None of the materials relied upon even remotely indicated that the detaining authority or the Government had a case that the said materials could be taken to disclose facts, in terms of Section 13(2)(ii), the court said. Thus, it found that the materials relied on in relation to the fifth crime, cannot be said to be proper and relevant materials, so as to disclose any serious offence, as alleged in the fifth crime against the detenu.
C. All five crimes Including first four which were subject matter of the subjective satisfaction of the previous detention order, which was revoked, should be taken into account for determining subjective satisfaction under Section 3(1)
The Court relied on the decision in Radhika (2015), wherein the Full Bench of the Kerala High Court had held that, "when the earlier prejudicial activities, which led to the previously revoked detention order, are followed by subsequent prejudicial activity or activities, then all of them can be taken as a string of potent activities, which will sustain the continuity of the live-link, for the purpose of another order of detention and if the competent authority enters satisfaction as to the requirement to issue another detention order, taking into consideration all or any of the earlier prejudicial activities, along with the subsequent prejudicial activities, there is no illegality in that".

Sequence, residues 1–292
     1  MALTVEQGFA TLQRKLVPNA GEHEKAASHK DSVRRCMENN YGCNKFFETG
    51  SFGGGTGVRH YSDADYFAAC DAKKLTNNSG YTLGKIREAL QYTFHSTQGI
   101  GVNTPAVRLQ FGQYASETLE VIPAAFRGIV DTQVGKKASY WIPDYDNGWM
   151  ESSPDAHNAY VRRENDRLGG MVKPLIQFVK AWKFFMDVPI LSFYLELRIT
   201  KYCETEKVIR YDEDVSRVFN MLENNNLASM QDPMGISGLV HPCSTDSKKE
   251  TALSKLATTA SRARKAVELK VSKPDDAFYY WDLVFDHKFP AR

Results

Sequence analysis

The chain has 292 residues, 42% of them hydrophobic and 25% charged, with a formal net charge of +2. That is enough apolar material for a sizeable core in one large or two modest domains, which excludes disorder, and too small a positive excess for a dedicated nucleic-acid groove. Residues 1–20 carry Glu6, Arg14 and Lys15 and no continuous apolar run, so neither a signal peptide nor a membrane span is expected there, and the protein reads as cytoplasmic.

The Court thus found that in the instant case, all the five crimes, including the first four crimes, which was the subject matter of the subjective satisfaction of the previous detention order, which was revoked, should be taken into account.
D. Effect of non-consideration of previous opinion of Advisory Board
The Advisory Board had found fault with the previous detention order on two grounds: firstly, that the cancellation of bail application was pending consideration before the court and it was within the realm of the Police to point out the urgency and press for orders in the said application, and secondly, that Section 107 Cr.P.C proceedings were also pending and thus, the remedy available in the ordinary laws for bail cancellation option, under Section 107 Cr.P.C proceedings, had not been examined or exhausted. It had also pointed out some procedural flaws.